It is almost surprising to remember that this is a retail establishment. The firm was selling an image of refinement that seldom seen today. A 1929 advertisement links the Steinway name with the phrase “The Instrument of the Immortals.”

In the back of the rotunda, a carpeted, deep green corridor leads to paneled showrooms with French doors and intricate parquet floors. On the walls, surrounding various pianos for sale are numerous oil portraits of Steinway family members dating back five generation.

The room that held my interest contains the Heirloom Collection of vintage Steinways. Among the offerings is a 1925 mahogany baby grand reduced from $88,000 to $59,900 and an exquisite ebonized instrument from 1907 for $72,000. I admit that my pulse quickened at the thought of owning and playing one of these splendid, historic pianos.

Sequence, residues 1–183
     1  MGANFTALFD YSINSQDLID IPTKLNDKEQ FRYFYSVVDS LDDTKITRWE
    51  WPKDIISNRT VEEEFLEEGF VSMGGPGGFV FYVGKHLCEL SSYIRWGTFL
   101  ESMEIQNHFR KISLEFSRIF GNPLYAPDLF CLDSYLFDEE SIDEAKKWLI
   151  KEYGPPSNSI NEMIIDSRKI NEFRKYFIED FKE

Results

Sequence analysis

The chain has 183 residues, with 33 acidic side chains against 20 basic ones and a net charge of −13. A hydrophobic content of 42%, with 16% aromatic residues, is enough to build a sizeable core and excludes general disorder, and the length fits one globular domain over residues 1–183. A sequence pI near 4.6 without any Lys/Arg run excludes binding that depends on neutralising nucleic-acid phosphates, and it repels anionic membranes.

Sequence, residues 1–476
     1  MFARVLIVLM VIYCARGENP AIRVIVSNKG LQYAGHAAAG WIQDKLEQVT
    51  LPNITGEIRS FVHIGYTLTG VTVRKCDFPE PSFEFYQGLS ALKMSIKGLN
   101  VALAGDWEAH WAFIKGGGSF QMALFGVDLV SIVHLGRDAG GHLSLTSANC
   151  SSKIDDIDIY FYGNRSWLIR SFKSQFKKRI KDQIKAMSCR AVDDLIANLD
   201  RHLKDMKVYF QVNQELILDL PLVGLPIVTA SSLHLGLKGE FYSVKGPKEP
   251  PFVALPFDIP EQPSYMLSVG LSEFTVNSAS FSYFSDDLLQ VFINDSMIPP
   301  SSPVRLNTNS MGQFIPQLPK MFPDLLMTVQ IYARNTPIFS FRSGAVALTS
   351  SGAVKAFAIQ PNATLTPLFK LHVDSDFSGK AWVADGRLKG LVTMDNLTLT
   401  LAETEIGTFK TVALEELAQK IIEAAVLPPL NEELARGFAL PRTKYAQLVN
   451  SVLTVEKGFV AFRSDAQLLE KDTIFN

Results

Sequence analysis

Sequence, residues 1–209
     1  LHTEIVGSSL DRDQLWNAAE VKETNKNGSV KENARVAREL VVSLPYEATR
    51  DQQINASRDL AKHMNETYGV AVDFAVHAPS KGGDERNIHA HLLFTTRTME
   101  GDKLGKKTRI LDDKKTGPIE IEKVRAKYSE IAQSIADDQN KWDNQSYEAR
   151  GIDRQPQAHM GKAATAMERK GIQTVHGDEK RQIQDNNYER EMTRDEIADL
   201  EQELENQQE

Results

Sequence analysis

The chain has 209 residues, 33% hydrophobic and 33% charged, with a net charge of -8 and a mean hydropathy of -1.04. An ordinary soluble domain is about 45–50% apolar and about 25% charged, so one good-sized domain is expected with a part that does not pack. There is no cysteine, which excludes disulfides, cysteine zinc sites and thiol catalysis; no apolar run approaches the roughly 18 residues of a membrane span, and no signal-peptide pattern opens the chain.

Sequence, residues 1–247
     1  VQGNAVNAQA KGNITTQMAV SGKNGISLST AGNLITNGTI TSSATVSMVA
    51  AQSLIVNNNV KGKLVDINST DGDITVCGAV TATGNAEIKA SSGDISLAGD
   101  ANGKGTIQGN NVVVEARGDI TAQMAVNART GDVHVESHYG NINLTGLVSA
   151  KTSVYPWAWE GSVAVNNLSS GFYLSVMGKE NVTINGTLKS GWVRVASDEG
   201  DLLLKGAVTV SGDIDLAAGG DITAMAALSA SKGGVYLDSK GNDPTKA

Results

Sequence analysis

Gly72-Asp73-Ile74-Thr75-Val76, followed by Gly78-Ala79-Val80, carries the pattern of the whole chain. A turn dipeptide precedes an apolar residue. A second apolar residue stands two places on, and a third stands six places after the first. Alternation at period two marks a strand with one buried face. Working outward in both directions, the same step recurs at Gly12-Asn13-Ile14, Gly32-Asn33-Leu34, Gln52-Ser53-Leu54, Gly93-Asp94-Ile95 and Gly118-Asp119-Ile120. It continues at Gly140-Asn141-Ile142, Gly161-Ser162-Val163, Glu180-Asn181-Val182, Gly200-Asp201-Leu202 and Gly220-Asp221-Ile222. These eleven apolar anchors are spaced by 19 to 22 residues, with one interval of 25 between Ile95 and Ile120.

Heirloom Steinway

1925 Heirloom Steinway

The paneled elevator opens on the mezzanine level, where the landing is furnished with a Gatsby-era white baby grand. The view of the showroom from the balcony is worth a visit. The mezzanine features new soundproofed rehearsal rooms, named after members of the Steinway family. Each one contains a new, impeccably maintained Steinway piano that is equipped with a PNOscan MIDI record strip for connection to personal computers. The only room not named for a Steinway is the Rachmaninoff room, which contains a large portrait of the virtuoso.

There are two larger receptions rooms on the mezzanine. When I visited, one was in use for a meeting. A second room looked large enough to function as a recital hall. It contained three baby grand pianos. The walls were covered with large photographs of musicians who most likely performed there. During its heyday, concerts were given in Steinway Hall on the third floor. Until it was closed after World War II, Steinway Hall, which sat 240 people, was a major venue for classical music performances.